Moral messages from a thousand splendid
Hope and Disappointment The cycle of hope and disappointment is repeated many times over the course of the novel. They make their own family. The extremist Taliban are merely puppets of foreign interests that wish to control Afghanistan. Women were traditionally the backbone of the education system.
However, hope continues to rise again. In the Middle East, particularly Afghanistan, there is a wider gap between the rights of males and females. It also demonstrates how The Taliban uses fear and violence to control the people of Afghanistan, particularly females.
You are not able to think like we can.
Now the Soviets. I thought of myself as normal and those with different beliefs were not normal.
To apply what we learned in the crisis center to Afghanistan would completely throw out the concept of seeing a culture as the people see instead of how we as individuals might see it. Rather than attempt to marry her off at a young age, Hakim hopes his daughter will pursue an education and contribute to the rebuilding of Afghanistan after the war.
Love in a thousand splendid suns
However, A Thousand Splendid Suns has done more than just enthrall me and capture my interest. They wear makeup and skirts that show their knees. Marriage can wait, education cannot. No chance. Hope and Disappointment The cycle of hope and disappointment is repeated many times over the course of the novel. The novel narrates the strength and resilience of two women who endure physical and psychological cruelty in an anti-feminist society. However, hope continues to rise again. Score: 2. The book ultimately made me sad that these types of things are allowed to go on in the world, but it also gave me hope that not all is lost in Afghanistan if the people are able to rise up like the citizens of Kabul did. Near the beginning, I felt as though this was an extreme example; that it was dramatized to sell better, but as I read more and more, I realized that this abuse and oppression are parts of everyday life in Afghanistan. I did not know just how big the veiling of women is in their culture, and I found it surprising to read that some of the characters felt safe and comfortable in a burqa, which constricts all possibilities of expression or beauty. Each time the characters feel hope for the future, that hope is dashed. They ban all forms of artistic expression and destroy examples of pre-Islamic poetry, art, literature, and history.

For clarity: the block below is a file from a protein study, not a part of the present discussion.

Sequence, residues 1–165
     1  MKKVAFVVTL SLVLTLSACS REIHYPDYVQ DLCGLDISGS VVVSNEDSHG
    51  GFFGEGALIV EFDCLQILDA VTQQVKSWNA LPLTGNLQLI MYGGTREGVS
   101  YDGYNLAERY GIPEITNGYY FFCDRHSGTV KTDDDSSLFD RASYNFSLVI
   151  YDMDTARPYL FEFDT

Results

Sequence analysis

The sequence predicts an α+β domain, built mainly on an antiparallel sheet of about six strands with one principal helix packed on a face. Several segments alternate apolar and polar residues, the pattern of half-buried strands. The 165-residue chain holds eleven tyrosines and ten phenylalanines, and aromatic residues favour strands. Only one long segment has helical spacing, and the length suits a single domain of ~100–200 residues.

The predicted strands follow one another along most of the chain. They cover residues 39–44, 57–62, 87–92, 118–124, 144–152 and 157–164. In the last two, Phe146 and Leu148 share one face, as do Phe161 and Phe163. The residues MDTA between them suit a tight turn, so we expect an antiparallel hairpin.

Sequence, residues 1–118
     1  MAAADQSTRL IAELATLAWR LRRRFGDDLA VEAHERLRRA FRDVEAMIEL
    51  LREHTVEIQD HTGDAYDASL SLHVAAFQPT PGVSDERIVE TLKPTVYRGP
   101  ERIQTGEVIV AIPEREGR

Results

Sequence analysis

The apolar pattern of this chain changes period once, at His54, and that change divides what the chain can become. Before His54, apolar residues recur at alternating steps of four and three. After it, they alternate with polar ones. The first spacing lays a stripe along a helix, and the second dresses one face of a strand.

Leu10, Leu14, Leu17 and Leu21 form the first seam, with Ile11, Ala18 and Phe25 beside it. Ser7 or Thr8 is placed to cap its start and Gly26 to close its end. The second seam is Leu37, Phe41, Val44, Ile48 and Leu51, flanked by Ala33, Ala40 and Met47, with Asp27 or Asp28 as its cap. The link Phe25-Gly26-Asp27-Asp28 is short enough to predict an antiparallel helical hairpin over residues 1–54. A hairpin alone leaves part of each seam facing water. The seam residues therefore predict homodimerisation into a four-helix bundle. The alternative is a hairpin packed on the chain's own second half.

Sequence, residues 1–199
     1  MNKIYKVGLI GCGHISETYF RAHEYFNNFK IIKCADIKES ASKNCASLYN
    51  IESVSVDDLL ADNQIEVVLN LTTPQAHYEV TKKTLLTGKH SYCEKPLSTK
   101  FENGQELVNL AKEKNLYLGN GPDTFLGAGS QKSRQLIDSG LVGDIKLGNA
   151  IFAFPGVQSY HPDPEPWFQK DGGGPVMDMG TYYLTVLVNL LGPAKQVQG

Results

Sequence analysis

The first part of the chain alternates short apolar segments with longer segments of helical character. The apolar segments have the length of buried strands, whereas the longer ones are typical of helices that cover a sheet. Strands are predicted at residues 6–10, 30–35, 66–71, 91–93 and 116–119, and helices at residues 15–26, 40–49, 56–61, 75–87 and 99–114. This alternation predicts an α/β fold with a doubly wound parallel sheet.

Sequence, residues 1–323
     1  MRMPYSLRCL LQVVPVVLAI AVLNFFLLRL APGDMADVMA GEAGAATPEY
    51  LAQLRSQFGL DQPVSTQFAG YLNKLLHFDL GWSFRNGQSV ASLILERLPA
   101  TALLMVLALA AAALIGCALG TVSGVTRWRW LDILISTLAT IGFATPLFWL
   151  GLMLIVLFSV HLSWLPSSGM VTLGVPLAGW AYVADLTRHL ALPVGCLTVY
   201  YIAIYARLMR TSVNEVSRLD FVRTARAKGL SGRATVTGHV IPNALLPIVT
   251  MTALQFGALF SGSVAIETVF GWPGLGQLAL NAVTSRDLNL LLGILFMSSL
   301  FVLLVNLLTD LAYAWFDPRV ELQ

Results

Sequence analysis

Before I read the book, I was apathetic towards Afghanistan. Score: 2. Battered, and nothing pretty to look at, but still standing.
Life lessons from a thousand splendid suns
Only the rich in this country have all of the westernized luxuries available to them such as cars, well built homes, servants, etc. It is rare that a book will not only entertain me, but also educate me in the culture of a very different land. Mariam indeed endures much suffering in her lifetime, but she later learns the transcending quality of love. At the moment of her execution, she prays to Allah, confident that he forgives her. Now the Soviets. Women are never really free even in the more democratic government because of the belief I have always been interested in how groups come to power and politics in general, and the constant power shifts and backstabs that occur with the political figures paint an enthralling story. I never thought of these as real problems because I could not relate them to me because I kept looking at Afghanistan through my own eyes instead of the eyes of someone who lives in the country, and this book allowed me to have that switch in perspective.
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